Revitalization in Japantown

 

Japantown clusters around the 300 and 400-block Powell Street. Oppenheimer Park, on the south side of the 400-block Powell is the vital role civic space that, along with peripheral cultural sites, speak to family and community life.

John Atkin  describes the plight of the Japanese community during World War II:

The nine thousand Japanese Canadians in Vancouver were forced to give up their homes, businesses, and possessions because of the alleged threat they posed to Canada. Life for the Japanese community had been centred on Powell Street, which functioned very much like Chinatown does today. In the neighbourhood many of the local grocery stores closed and homes were vacated as members of the community mustered at the livestock buildings at the PNE before being dispersed across the country. Teachers recalled, in Strathcona School’s hundredth-birthday publication Strathcona Memories, the sadness they felt when they lost almost half of their students. The federal government sold off Japanese-Canadian property at giveaway prices (even though it was to have been held in protective custody for the duration of the war); after the war the only building that members of the community were able to regain title to was the 1928 Japanese Hall on Alexander Street. (John Atkin. Strathcona: Vancouver’s First Neighbourhood. Whitecap Books, Vancouver, 1994, pp. 67-68)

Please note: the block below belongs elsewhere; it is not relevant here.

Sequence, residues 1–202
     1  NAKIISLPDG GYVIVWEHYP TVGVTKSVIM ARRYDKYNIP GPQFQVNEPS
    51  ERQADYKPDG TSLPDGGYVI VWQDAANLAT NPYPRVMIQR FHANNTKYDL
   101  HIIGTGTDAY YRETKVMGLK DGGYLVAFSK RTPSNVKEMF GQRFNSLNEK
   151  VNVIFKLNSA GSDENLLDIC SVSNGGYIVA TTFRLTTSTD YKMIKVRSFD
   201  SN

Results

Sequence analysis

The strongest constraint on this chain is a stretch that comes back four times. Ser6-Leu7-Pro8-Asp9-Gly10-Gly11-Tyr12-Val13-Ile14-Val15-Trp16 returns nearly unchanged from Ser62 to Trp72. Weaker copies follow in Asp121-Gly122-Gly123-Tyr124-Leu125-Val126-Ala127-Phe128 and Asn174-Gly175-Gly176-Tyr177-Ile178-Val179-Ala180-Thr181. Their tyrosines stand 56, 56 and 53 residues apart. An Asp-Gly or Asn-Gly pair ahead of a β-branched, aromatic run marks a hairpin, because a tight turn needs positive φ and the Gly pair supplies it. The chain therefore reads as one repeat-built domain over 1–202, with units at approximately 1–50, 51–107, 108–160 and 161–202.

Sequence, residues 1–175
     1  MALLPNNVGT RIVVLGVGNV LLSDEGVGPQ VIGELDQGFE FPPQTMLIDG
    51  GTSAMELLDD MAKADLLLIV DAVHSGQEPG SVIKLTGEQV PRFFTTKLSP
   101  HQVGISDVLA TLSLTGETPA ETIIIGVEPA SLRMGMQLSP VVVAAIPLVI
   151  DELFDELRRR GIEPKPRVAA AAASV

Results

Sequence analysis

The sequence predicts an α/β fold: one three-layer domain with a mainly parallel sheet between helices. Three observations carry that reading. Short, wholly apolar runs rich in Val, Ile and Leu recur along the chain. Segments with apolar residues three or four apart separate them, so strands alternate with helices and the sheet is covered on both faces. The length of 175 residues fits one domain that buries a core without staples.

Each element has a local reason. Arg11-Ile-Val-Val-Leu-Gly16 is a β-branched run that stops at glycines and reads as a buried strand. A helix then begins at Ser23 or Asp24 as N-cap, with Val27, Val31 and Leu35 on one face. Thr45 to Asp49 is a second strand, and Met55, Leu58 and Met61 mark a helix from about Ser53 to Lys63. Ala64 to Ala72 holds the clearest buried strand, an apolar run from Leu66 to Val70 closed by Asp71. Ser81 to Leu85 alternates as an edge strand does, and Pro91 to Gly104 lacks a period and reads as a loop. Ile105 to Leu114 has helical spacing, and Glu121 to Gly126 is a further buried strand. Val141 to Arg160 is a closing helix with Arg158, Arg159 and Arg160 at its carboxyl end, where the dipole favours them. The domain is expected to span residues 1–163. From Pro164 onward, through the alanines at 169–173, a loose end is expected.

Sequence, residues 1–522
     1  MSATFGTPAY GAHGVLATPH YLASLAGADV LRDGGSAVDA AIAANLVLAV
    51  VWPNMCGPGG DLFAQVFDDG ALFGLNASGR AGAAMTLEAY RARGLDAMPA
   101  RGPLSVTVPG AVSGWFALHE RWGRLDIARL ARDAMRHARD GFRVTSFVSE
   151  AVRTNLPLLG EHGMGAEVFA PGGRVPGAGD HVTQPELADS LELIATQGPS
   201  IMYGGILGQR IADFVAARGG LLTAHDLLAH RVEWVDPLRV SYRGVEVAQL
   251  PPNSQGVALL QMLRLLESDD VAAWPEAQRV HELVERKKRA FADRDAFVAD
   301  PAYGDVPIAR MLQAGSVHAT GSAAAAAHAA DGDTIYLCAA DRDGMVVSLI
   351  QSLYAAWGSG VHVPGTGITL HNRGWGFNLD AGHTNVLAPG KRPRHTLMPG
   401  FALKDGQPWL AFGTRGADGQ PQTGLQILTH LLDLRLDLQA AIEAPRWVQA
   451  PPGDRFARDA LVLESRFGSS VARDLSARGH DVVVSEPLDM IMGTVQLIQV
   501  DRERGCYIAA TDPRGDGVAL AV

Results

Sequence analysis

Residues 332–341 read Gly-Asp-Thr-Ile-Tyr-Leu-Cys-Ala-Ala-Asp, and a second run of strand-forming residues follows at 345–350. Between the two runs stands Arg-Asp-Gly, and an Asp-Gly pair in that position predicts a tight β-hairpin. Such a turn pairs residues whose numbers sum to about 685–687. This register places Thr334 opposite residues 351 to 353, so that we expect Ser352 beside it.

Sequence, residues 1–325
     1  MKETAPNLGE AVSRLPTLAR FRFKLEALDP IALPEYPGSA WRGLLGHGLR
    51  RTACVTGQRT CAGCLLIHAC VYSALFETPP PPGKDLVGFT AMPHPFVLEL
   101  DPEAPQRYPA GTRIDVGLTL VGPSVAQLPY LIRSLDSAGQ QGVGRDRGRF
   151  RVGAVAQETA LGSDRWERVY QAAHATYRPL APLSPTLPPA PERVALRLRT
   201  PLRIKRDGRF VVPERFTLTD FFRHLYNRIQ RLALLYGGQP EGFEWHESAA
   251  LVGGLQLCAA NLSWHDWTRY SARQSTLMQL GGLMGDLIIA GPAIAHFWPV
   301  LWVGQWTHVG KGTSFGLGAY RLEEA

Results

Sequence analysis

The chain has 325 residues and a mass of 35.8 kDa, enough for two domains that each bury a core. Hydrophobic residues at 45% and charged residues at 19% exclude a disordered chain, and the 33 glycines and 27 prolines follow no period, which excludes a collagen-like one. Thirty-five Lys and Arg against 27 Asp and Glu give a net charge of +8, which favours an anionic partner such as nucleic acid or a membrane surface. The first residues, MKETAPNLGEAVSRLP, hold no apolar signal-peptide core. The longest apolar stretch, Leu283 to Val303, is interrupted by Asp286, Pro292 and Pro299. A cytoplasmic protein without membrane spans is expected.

Birmingham & Wood (2008) and eight partnering consultants have provided the base material for an accurate assessment of Historic Japantown.

The Charrette sees this area moving away from industrial uses imposed in the post-war years, and turning back to its mixed-use neighbourhood roots. A key for the revitalization of Japantown is the return of social function to Powell and Cordova streets, a transforming reversal for this place. The Charrette proposes the implementation of BRT/LRT on Hastings Street to add sufficient trip capacity to the area to remove commuting trips from the Powell-Cordova coupling.

The potential for residential infill is very high. Yet, realizing this potential must follow on the construction of social housing in sufficient numbers to deal with two issues:

    1. Homelessness.
    2. Replacement of single room occupancy hotels (SROs).

© Lewis N. Villegas, Vancouver, January 2012.

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